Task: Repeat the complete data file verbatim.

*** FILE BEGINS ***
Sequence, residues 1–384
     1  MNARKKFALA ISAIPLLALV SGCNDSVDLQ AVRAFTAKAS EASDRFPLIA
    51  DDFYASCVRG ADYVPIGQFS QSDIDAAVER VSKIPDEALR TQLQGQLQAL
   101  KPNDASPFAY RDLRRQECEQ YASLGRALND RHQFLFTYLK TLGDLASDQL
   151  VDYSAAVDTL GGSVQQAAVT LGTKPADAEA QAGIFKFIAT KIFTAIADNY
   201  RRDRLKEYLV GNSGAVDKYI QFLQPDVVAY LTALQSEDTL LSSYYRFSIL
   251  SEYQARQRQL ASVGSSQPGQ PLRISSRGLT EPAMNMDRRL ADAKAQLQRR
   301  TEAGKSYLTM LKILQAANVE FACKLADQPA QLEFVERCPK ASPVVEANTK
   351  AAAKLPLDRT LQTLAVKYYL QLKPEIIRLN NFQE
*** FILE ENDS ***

Sequence, residues 1–384
     1  MNARKKFALA ISAIPLLALV SGCNDSVDLQ AVRAFTAKAS EASDRFPLIA
    51  DDFYASCVRG ADYVPIGQFS QSDIDAAVER VSKIPDEALR TQLQGQLQAL
   101  KPNDASPFAY RDLRRQECEQ YASLGRALND RHQFLFTYLK TLGDLASDQL
   151  VDYSAAVDTL GGSVQQAAVT LGTKPADAEA QAGIFKFIAT KIFTAIADNY
   201  RRDRLKEYLV GNSGAVDKYI QFLQPDVVAY LTALQSEDTL LSSYYRFSIL
   251  SEYQARQRQL ASVGSSQPGQ PLRISSRGLT EPAMNMDRRL ADAKAQLQRR
   301  TEAGKSYLTM LKILQAANVE FACKLADQPA QLEFVERCPK ASPVVEANTK
   351  AAAKLPLDRT LQTLAVKYYL QLKPEIIRLN NFQE